Feedstock, Olefins and Aromatics
Producers trying to cope with ongoing Trinidad gas curtailments
ICIS News : 3-May-13 23:04
HOUSTON (ICIS)--The natural gas curtailment to ammonia plants in Trinidad & Tobago due to repair work on offshore gas supply platforms is ongoing and is expected to slightly rise later this month, a producer said on Friday.
For the month of April, the cutbacks, which were announced by officials prior to commencing and had been expected to only last the duration of the month, were ranging from 20-25% and have had some impact on production levels.
The producer said that the Trinidad operations were still experiencing “a minor level of gas curtailment” but that energy officials have told producers that the level will be in the range of 15% from 11-15 May due to the repair efforts.
Also, further reductions in gas supply have been issued for September through early October, as Trinidad expects that substantial work on offshore installations will bump the curtailment rate to 20-30%.
Gas supply issues have been a source of aggravation for plant operators since 2010, as mandated curtailments have caused a decline in production of ammonia and other products as the National Gas Company has imposed a series of ongoing reductions. The restriction in the available supply has ranged as low as 10-15% in recent months to as high as 40% in previous years.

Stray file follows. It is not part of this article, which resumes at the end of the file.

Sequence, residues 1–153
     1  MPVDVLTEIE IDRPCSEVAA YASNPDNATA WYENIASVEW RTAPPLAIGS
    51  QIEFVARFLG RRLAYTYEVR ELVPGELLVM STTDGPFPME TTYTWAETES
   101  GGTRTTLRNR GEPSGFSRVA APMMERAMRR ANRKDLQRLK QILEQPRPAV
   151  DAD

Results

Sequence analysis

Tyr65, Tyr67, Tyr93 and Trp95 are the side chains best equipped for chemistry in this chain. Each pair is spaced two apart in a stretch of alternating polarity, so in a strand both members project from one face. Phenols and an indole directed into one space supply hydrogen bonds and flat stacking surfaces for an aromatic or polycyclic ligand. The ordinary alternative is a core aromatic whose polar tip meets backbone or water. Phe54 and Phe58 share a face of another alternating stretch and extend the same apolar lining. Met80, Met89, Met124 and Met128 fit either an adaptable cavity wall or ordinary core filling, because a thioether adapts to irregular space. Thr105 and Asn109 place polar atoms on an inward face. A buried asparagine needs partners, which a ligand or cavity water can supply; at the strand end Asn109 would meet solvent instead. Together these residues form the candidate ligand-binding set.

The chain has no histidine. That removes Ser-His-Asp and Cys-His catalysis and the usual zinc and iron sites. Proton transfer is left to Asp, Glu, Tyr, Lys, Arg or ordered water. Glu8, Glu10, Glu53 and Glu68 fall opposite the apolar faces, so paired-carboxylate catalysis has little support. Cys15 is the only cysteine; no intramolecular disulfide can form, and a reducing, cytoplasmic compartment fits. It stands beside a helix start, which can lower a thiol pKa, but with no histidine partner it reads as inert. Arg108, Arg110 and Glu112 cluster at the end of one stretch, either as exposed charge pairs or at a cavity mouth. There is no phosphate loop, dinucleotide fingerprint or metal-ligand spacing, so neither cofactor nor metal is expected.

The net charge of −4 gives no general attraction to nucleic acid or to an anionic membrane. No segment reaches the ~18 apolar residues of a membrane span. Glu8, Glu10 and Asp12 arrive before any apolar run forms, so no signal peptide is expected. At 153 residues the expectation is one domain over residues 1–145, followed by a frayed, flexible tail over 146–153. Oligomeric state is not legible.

In late 2012, Trinidad's energy minister, Kevin Ramnarine, said that his nation’s natural gas supply faced challenges in regard to the need for maintenance and repair, and that his agency expected platform work to continue until early 2014.
PotashCorp officials recently announced that the issues with curtailment have resulted in decreased production. For the year, the company's production is down about 25,000 tons, the officials said, adding that they anticipate that number will be 100,000 tons by year's end.
A source said the Canadian producer’s annual output is roughly 1.5m tons of ammonia yearly, so the estimated loss in Trinidad would not be viewed as being considerable overall.
Yara also confirmed this week that its three plants are experiencing cutbacks and as a result were running at rates between 75-80%.
Major operators in that region include PotashCorp, which has four ammonia plants at the Point Lisas complex, and Yara, which operates three plants at Point Lisas. It is estimated that the 11 ammonia plants within the island nation have a total approximate capacity of 5.7m tonnes/year.
By Mark Milam